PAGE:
Tag Archives: Damsels in Distress

London Film Festival 2011 – Day 13

Damsels in Distress (Whit Stillman, 2011)

Sandra Hebron’s last choice as LFF surprise film proved hilariously divisive. As the cast, shot in gauzy cheap-looking HD video, deadpanned the first lines of Stillman’s arch, absurdist dialogue over Mark Suozzo and Adam Schlesinger’s preposterously kitsch underscore, I could feel the hostility in the room boiling over almost instantly. And, to be fair, Stillman’s film is deliberately alienating – challenging you to be on its decidedly obscure wavelength with an unpredictable mix of ultra-precious whimsy, deliberately unconvincing characters (most of whom, irony piling upon irony, are ineptly playing false roles within the film’s narrative), hilariously cheap gags and gimpy musical numbers (just to give you a flavour: Adam Brody and Greta Gerwig appear to dance on water in a fountain, to Gershwin’s Things Are Looking Up (from the P.G. Wodehouse-penned Fred Astaire movie, A Damsel in Distress)  but the cheap-looking platform they are actually dancing on is right there in plain view).  Although Stillman’s previous films were somewhat mannered and artificial, they also had one foot in reality, a concept which Damsels in Distress has no particular time for.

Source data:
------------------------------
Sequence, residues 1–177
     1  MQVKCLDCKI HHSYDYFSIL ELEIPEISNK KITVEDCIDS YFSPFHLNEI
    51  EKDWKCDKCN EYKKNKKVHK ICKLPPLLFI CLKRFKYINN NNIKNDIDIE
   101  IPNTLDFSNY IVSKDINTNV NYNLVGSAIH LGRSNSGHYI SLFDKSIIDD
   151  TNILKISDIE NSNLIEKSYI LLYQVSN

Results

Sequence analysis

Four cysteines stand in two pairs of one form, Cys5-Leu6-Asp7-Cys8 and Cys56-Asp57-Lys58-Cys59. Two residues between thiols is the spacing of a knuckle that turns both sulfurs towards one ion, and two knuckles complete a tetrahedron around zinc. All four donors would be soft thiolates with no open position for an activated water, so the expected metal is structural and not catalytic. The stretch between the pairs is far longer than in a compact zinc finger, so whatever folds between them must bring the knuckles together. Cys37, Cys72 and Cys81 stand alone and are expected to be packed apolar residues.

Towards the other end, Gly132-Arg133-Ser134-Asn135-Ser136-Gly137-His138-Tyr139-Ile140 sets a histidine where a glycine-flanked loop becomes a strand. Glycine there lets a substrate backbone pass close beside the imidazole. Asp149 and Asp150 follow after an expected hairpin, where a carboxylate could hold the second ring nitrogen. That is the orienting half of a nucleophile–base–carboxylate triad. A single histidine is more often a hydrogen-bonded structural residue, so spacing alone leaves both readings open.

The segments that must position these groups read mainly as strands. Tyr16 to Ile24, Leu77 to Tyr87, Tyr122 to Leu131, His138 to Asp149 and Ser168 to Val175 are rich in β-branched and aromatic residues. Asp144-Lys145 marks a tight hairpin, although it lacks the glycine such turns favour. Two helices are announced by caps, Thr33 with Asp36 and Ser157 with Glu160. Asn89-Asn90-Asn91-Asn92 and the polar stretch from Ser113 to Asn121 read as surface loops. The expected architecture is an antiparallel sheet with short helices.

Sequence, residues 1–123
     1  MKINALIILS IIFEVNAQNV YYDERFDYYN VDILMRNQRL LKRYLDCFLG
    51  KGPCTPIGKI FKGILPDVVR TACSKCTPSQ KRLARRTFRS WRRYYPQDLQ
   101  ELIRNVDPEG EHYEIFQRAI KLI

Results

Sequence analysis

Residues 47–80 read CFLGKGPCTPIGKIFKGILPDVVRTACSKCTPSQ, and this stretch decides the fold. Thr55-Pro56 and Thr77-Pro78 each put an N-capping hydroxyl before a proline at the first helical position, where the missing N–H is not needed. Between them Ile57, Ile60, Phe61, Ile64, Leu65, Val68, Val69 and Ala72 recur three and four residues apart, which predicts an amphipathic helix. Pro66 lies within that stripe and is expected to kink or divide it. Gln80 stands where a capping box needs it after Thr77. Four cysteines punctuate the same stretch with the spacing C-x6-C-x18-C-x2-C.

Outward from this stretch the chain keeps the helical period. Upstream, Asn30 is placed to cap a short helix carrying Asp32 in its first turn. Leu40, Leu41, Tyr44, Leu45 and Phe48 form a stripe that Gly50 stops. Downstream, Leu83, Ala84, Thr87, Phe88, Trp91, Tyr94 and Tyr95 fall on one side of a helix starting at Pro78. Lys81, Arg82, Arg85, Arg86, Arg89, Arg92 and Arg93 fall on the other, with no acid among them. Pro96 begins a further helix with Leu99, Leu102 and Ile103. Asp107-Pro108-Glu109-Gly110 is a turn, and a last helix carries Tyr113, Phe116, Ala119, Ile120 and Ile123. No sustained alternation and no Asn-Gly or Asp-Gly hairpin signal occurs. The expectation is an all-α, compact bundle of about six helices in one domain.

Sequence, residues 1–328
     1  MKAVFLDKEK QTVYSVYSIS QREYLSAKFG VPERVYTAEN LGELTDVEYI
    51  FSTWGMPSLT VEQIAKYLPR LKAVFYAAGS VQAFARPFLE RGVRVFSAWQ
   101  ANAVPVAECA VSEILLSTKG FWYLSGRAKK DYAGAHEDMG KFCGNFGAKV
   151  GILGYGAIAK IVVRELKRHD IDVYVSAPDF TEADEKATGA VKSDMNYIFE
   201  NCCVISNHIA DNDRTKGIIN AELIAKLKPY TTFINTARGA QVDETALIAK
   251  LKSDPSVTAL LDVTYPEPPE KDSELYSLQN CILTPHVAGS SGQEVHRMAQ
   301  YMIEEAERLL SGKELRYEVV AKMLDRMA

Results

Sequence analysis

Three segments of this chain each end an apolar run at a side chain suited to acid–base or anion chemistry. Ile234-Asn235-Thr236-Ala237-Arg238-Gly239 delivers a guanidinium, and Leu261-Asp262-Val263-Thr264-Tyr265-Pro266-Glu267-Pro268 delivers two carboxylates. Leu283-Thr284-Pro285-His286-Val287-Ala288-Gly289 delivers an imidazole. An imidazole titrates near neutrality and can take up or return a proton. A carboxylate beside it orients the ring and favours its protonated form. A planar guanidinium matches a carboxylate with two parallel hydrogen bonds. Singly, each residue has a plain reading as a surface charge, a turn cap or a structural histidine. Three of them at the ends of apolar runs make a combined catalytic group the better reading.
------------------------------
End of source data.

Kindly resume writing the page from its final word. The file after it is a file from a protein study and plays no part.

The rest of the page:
So, fair warning: Your Mileage May Vary. But I had a great time.

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